“Desire itself is a representation of life. It’s to know deeply and experientially exactly what I want.
“Desire shows me a real part of who and what I am. Seeing myself that way is also seeing that, if my desires are fulfilled the right way, my experience is immeasurably better.
“Addictions might be the result of never seeing the value of facing, feeling, and sitting with desires.
I remember being alone at my parents’ house one day when I was eleven. The babysitter had taken my little sister out somewhere. I literally spent that entire day vividly daydreaming about kissing this girl in my class.
I’ll never forget how fun it was to talk about stuff like that late at night at sleepovers.
Before I had access to medical weed, I remember literally dreaming nightly about getting high, and then waking up to think about it all day. It felt like pining for a long-lost friend.
In the South Park episode, Raisins, the loveable Butters gets his heart broken. After a process of reacting to his feelings in different ways, he concludes: “I’m sad, but at the same time I’m really happy that something could make me feel that sad. It’s like, it makes me feel alive, y’know? It makes me feel human, and the only way I could feel this sad now is if I felt something really good before. So I have to take the bad with the good. So I guess what I’m feeling is like a, beautiful sadness.”
Facing desire requires perspective, which equates to maturity.
Trust me, when I was eleven and dreaming about girls, I didn’t find it enjoyable. I wouldn’t have waited if I didn’t have to.
Now I wish I could still want to kiss someone that much.
I wish I could want to get high as much as I did when I used to dream about it.
So, how do you face desire?
I wrote this in 2014 (while high):
“As I learn to best manage myself in the moment each day, I also want to learn to fully face my desire for weed whenever I feel compelled to get high at times other than when I’ve told myself I should.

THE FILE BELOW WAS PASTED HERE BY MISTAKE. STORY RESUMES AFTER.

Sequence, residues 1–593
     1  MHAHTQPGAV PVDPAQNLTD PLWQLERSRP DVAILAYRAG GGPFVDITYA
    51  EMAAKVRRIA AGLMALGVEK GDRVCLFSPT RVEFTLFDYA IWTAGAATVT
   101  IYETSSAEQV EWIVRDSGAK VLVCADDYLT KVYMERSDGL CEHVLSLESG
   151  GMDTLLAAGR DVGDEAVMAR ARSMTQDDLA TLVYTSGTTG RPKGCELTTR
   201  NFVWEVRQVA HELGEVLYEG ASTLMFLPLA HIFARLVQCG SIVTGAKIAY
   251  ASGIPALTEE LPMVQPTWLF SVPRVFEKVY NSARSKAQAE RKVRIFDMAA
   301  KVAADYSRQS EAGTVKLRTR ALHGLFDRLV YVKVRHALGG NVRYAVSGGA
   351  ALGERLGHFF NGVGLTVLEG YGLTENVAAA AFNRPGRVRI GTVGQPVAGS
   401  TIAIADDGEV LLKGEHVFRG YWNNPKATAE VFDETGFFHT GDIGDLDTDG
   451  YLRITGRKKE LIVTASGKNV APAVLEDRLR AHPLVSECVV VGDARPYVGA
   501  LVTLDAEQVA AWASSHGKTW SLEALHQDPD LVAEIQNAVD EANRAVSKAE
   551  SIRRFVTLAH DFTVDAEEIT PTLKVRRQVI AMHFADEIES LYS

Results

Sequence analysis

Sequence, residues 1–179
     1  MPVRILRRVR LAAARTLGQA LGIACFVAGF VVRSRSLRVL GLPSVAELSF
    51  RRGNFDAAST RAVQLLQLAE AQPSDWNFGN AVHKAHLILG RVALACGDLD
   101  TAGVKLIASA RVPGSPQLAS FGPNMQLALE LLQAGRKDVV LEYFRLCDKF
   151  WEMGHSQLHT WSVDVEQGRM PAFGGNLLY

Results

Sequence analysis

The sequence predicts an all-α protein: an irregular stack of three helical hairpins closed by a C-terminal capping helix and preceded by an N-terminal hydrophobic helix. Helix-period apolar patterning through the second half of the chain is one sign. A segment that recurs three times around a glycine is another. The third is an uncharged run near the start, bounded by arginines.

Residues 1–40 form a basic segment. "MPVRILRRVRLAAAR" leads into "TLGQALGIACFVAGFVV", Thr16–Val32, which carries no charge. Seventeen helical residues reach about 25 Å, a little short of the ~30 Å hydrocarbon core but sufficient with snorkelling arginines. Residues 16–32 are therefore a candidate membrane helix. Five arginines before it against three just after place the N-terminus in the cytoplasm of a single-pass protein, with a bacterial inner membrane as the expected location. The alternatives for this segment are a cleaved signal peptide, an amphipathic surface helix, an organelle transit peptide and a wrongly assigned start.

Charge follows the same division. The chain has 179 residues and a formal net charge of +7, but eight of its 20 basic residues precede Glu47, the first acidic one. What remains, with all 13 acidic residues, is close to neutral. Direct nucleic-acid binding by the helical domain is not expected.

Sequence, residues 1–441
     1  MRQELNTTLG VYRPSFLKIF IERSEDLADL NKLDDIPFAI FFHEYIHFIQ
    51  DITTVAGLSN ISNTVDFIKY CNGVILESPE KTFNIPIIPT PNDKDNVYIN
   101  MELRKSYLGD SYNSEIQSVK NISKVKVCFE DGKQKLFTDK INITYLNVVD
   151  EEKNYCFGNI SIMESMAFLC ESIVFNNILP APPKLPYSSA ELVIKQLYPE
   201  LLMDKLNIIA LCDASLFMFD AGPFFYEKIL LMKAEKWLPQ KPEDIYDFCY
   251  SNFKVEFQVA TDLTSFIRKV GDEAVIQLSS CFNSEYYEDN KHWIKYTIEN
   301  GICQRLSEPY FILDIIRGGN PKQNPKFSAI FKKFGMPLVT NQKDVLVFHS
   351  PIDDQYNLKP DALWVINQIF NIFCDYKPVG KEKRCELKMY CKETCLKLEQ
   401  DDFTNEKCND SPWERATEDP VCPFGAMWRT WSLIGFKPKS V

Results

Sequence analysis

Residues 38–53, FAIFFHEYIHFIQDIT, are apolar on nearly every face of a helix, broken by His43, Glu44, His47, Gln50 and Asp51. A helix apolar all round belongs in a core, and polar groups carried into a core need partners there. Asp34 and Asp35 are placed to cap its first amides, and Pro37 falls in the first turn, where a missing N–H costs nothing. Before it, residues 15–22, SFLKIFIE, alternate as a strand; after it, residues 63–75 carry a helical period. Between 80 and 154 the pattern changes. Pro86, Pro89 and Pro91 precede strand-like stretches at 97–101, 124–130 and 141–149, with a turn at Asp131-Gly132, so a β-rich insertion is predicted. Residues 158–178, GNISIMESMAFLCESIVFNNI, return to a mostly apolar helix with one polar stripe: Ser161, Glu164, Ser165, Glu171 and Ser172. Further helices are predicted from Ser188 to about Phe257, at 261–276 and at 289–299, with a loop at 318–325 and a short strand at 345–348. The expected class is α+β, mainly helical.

“Learning to value sitting with desire is the final self-management step.
“Face your desire for everything you want to learn to balance or control.
“Weed is just the most prominent thing I’m facing my desire for right now.”
I wrote this a couple days later (while high):
I’d say learning to appreciate the value of experience, and learning to face desire, are the two most important landmark lessons of my Facing Addiction journey.
Tomorrow: why the process that culminates in facing desire really doesn’t matter unless…
P.S. It still took me months to really get what I was saying here about facing desire. At first, I tried to keep a Facing Desire journal to write in whenever I really wanted to get high but knew I shouldn’t.
But keeping that journal felt so unnatural.
I now believe the whole point of facing desire is to find joy and peace in doing absolutely nothing (or just whatever you’d normally be doing) while seeing exactly what you want on different levels.
Let facing desire show you just how alive you really are.
Don’t run. Face.